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Author Topic: Founder Species - Why the Fermi Paradox is Wrong  (Read 2692 times)

Offline The Reaver of Darkness

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Founder Species - Why the Fermi Paradox is Wrong
« on: August 08, 2016, 02:00:02 am »
This is a slightly off-topic article that relates to my introspecion on the origin of the alien intelligence(s) that have visited Earth. First, I begin with explaining just how rapidly we showed up, and how the universe may yet blossom full of life but it may simply be too young to be covered with interstellar civilizations.


The Fermi Paradox states that our own galaxy has got to have millions of life-supporting planets around stars some of which are older than our sun, and some of those planets would likely produce alien civilizations which could traverse the Milky Way in millions of years even without faster-than-light travel. The paradox is that despite all the time that has passed (the universe is ~13.8 billion years old), we see no evidence of extraterrestrial intelligence.

I think 14 billion years is a bit early to start saying there's nobody out there.



Let's start with a list of the things a life-supporting planet needs to produce a civilization--and I'm going to use a modern and loose-fitting set of needs which may differ from the necessary things you've heard about:
1.) nutrients for biochemistry - the planet's surface must be rich in substances that can create biochemical molecules. This probably means hydrogen, carbon, nitrogen, and oxygen and fortunately these are extremely abundant. They are also low density and so are likely to be found on the surface of the planet.
2.) an atmosphere to allow liquids and gases on the surface, many of which are important for biochemical interactions. Many planets form with an atmosphere but most lose it eventually.
3.) a stable environment that allows life to evolve for a long time without the planet becoming sterilized at any point.

You may have heard that planets have to be the exact right distance from their star, the 'Goldilocks Zone' if you will. That zone is actually a rather thick band, for instance in our solar system Venus, Earth, and Mars are all within this Goldilocks Zone. Venus and Mars are inhospitable because they don't have a strong magnetic field. Earth's magnetic field is constantly reinforced by the strong tidal forces between it and its large moon. Venus and Mars don't have a large moon. Once upon a time they both had flowing water on their surface and may both have had simple life.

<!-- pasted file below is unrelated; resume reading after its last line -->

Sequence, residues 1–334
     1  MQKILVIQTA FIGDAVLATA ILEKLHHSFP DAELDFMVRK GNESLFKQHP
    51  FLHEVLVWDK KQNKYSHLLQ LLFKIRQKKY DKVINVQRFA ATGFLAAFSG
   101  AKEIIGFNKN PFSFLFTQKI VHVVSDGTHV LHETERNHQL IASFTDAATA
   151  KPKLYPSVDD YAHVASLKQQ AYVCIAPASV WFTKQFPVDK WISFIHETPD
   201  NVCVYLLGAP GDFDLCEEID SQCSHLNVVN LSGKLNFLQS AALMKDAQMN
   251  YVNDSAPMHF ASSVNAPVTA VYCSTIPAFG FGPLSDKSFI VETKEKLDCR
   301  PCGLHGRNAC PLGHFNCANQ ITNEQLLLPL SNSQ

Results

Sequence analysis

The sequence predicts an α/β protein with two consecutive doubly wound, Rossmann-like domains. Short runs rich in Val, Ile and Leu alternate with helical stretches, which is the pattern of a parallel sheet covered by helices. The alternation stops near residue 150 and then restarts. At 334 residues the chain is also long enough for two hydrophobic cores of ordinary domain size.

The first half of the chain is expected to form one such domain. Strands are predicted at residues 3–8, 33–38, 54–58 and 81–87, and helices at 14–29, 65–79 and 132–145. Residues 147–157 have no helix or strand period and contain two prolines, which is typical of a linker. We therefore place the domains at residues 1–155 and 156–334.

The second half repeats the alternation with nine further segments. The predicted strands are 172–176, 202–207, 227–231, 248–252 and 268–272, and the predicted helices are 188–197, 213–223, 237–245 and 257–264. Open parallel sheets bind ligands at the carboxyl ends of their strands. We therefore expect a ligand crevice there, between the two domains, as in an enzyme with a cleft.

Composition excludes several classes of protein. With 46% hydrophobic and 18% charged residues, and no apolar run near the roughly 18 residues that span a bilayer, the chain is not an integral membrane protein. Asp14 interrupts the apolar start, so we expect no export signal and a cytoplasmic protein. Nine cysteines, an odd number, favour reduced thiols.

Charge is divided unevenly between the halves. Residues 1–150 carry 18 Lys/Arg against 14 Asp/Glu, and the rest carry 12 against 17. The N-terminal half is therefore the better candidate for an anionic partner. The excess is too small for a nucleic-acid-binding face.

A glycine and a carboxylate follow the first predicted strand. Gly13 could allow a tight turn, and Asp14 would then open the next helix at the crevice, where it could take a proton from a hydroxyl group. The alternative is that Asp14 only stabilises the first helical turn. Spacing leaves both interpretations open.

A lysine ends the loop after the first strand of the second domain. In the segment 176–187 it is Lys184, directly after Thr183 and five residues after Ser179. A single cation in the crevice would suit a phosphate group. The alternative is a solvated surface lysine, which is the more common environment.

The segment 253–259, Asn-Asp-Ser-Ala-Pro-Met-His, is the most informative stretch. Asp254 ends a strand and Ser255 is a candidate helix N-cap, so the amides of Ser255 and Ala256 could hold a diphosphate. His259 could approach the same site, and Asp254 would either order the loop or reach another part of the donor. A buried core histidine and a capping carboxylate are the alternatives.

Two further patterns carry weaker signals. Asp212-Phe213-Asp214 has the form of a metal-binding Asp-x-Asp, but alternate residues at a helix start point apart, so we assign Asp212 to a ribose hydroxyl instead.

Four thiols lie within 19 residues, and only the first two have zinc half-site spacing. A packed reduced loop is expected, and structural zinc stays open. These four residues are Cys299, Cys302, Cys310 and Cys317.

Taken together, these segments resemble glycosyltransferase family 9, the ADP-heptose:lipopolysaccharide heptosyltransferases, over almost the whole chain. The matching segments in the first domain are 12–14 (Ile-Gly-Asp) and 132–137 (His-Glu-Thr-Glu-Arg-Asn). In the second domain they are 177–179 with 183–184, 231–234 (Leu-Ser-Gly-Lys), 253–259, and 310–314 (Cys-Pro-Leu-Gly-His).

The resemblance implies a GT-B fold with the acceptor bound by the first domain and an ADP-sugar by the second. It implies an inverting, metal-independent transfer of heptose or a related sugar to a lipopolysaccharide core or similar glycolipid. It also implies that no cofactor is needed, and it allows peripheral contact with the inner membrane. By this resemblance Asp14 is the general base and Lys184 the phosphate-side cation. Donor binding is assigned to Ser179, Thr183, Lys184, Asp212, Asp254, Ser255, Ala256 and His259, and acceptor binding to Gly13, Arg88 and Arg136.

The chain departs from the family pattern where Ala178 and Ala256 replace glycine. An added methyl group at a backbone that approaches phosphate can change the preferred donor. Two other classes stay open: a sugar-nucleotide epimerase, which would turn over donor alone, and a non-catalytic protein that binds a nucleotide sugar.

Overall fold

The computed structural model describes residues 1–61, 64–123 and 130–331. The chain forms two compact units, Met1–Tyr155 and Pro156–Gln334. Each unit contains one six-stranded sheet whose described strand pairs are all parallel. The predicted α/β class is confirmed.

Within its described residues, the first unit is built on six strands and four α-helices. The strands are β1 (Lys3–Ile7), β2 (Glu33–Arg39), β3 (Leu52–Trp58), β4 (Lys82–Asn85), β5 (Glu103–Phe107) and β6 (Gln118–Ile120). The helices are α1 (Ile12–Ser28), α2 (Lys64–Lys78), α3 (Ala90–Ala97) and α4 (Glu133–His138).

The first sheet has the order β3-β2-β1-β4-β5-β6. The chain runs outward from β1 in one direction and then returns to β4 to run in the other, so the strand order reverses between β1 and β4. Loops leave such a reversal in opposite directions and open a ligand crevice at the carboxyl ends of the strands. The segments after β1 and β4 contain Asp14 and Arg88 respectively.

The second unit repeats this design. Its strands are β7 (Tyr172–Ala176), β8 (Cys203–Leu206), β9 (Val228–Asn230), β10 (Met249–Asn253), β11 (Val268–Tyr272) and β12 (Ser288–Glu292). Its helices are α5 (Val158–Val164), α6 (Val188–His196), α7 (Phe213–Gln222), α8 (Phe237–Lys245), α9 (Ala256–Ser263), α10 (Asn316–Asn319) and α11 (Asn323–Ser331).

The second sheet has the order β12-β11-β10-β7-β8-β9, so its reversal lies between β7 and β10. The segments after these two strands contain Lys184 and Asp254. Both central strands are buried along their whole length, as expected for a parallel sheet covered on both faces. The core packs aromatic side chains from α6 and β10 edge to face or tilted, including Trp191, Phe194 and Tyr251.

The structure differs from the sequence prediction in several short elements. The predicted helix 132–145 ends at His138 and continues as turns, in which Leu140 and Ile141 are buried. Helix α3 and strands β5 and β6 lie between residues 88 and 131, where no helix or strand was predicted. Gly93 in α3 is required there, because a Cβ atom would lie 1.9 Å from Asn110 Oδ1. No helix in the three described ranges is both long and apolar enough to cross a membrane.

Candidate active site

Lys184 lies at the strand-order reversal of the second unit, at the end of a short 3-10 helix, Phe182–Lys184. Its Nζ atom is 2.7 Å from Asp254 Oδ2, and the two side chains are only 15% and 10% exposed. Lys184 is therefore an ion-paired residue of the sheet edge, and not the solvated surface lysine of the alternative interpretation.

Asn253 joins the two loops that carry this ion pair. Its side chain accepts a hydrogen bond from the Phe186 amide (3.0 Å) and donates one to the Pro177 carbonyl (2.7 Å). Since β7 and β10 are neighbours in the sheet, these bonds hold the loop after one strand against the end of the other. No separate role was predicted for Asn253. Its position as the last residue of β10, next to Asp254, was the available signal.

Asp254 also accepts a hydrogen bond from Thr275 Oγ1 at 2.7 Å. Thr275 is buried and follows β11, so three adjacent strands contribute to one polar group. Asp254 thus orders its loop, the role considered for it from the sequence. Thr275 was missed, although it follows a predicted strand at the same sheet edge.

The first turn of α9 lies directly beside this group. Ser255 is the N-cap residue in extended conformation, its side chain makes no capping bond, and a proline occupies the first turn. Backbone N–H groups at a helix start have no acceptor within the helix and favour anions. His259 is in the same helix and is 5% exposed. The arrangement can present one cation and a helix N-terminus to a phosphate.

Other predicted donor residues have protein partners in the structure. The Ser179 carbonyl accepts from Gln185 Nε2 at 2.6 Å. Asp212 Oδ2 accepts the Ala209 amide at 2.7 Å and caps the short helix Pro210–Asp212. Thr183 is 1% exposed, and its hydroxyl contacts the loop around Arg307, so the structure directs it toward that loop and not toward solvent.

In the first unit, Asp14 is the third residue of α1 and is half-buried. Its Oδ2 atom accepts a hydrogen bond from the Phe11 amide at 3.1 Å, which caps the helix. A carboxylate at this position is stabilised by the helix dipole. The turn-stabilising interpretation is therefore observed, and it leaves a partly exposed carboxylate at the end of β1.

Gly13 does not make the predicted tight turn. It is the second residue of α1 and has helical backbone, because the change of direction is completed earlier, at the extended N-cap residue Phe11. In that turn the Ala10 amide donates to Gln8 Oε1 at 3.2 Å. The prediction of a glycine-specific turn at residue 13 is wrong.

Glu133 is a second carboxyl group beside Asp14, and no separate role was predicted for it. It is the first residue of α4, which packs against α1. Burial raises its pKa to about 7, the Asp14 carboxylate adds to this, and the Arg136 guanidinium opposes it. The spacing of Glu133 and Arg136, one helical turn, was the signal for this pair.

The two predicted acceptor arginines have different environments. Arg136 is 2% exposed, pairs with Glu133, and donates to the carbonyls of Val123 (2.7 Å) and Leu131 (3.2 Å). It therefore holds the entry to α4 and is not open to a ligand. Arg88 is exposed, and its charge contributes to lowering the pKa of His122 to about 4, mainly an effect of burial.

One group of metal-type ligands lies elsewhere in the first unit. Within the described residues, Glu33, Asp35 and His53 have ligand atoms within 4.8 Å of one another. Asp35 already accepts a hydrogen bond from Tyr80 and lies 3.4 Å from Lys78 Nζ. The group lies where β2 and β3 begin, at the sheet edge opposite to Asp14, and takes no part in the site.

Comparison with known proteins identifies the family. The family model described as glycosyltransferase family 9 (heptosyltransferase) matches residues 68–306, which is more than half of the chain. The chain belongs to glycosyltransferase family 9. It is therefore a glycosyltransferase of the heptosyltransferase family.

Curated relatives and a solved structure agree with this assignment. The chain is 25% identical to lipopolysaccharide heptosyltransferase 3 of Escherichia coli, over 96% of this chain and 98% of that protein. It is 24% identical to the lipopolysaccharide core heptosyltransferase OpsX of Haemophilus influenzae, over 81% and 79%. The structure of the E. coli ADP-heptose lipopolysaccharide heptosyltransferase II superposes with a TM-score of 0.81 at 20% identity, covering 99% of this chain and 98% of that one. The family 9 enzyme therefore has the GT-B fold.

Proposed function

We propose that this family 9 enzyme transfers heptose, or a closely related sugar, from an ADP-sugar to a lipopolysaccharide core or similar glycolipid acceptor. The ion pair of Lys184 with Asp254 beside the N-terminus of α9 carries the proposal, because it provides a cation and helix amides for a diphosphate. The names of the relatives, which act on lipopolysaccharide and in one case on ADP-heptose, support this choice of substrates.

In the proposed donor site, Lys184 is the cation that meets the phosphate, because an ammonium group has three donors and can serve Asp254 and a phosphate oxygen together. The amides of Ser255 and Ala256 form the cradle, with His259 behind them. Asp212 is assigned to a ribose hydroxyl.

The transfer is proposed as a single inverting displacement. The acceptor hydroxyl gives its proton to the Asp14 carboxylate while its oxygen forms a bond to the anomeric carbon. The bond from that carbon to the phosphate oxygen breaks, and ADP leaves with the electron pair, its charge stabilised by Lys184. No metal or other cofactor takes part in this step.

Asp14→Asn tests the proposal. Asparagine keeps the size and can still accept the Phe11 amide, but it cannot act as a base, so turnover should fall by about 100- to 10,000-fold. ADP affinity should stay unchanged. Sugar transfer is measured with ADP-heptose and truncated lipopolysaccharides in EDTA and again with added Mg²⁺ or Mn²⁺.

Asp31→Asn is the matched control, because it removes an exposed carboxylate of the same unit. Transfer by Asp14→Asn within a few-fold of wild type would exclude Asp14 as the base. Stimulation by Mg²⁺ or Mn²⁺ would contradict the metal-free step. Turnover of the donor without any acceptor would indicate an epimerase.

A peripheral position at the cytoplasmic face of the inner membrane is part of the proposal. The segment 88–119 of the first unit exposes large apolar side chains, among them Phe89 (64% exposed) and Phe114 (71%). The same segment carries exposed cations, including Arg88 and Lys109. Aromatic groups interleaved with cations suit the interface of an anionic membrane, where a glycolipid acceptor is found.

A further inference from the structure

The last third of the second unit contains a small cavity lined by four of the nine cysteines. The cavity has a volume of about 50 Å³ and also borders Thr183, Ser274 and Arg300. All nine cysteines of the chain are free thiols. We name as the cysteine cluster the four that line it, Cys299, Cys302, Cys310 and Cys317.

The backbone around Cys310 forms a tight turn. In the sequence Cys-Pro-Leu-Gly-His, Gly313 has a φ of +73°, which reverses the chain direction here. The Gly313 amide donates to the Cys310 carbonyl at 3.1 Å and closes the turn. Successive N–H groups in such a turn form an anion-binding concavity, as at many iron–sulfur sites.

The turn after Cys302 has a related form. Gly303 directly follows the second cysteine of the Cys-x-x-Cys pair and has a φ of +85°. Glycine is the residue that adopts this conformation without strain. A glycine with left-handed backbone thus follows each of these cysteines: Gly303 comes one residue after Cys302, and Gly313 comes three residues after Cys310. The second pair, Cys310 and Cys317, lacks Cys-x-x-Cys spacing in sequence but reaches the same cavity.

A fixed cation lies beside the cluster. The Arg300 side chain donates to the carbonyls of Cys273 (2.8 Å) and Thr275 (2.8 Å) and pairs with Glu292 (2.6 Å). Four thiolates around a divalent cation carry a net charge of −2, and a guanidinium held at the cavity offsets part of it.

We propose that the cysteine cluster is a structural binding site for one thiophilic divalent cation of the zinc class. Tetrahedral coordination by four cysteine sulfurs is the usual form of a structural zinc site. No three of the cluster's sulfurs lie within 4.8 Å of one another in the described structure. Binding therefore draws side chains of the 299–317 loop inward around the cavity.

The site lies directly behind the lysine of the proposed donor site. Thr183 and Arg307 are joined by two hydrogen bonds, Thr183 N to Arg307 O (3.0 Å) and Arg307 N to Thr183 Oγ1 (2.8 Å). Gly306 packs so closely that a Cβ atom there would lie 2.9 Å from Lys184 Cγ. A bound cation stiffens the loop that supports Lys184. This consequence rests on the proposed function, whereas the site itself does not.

The Downfall of Venus: This planet is Earth's twin, it's barely smaller and has about the same internal makeup, being made of mostly iron. It probably started off with a strong magnetic field and a moderately-thick atmosphere of primarily hydrogen. But over time its mantle cooled and began to stop moving, and its magnetic field waned. Its atmosphere bled into space and some event (seems to be connected to the loss of magnetic field) triggered intense volcanism which caused the surface to continually spew out tons of carbon-dioxide gas. Today the planet has a very thick atmosphere which is constantly being bled into space but is also being constantly renewed by the intense volcanism.

The Downfall of Mars: This planet is significantly smaller but still quite large enough to support life. Its internal makeup is low on iron, being much more carbon-rich and giving the planet a much lower gravitational pull than Earth. It probably had an atmosphere of primarily hydrogen initially, and it definitely had flowing water on its surface. We can see the evidence of this all over the surface: it is covered in lake beds, river chasms, deltas, oxbow lakes, and everything in between. But the mantle and core began to cool and it lost nearly all of its magnetic field. The low density composition of Mars and its lack of heavy radioisotopes likely made its core cool even faster, causing the magnetic field to wane more rapidly. It is possible Mars also went through a phase of intense volcanism--today we see giant volcanoes on its surface much like Venus has, but the ones on Mars are long dead and the atmosphere of carbon dioxide has grown very thin. The only thing keeping it from completely escaping into space is that some of the carbon dioxide keeps freezing onto the poles, and melting again. This delays its escape, but it's only a matter of time before Mars' surface is a vacuum. Eventually Venus will follow.